Credits for these pictures go to Irtiza Bokharee.
Credits for these pictures go to Irtiza Bokharee.
Its funny how sometimes we personify inanimate objects. Giving them human expressions and making them more life like. I happened to make the ‘scary’ faced fruit and from there it just spiraled on. Inspired by youtube’s famous ‘Kid President’, here’s a little video for the downcast – to, hopefully, bring a smile to your face.
For those of you who do not speak Urdu, “akela” is a pun. We call banana in Urdu “kela” whereas “akela” means “alone”.
http://www.youtube.com/watch?v=l-gQLqv9f4o – ‘A Pep Talk from Kid President’
Photo courtesy Sanwal Tariq (Facebook)
The entire world watches on and waits with bated breath for the results of ANTM (Afghanistan’s next top man) and three main contenders have emerged as the leading candidates in what is to be Afghanistan’s first democratic transition. We have the people’s champion, Abdullah Abdullah, “with a name so nice, you have to say it twice”. Contesting against him is the good doctor Ashraf Ghani, who will seemingly use debate and logical arguments to thwart the Taliban (we all know how well that works). And the third horse is the one being backed by the outgoing president, the ‘king’s man’, Mr Zalimai Rasoul.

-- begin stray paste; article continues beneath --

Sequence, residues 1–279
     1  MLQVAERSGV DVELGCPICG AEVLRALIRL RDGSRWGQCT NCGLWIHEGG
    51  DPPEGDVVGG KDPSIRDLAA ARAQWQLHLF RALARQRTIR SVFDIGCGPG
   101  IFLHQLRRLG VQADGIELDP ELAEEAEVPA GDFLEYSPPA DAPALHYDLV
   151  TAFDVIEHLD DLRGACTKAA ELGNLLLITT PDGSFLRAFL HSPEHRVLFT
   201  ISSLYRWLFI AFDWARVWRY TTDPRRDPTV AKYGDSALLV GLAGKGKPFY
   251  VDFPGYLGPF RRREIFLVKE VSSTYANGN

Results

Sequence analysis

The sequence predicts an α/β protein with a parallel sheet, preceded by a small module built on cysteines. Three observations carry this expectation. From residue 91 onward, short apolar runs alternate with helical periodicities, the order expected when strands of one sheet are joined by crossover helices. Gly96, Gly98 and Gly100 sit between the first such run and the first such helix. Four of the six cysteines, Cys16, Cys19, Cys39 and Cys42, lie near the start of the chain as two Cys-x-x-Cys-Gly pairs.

Our people’s champion is a well-known politician, who is well received by the Afghani public, judging from the 31% of the votes he got in the presidential elections of 2009. While he is experienced in international diplomacy, and as Foreign Minister was responsible for broadening ties with the global community, his plans to tackle terrorism and fix the security situation in the country are still a mystery. He has advised the Taliban to change their ways if they are to be brought into the fold of the rest of society through dialogue, which is like telling a dog to stop using its nose to formulate likes and dislikes. His election campaign is centered around putting the lid on corruption in the country.
The doctor is an academic and an intellectual, and is famous for his economic acumen alongside his self-imposed exile during the Taliban years. Believed to be temperamental and on occasion, volatile, it remains to be seen whether he is as inconsistent as his potential predecessor Karzai. For the good of Afghanistan and the world at large, it is hoped that he is not.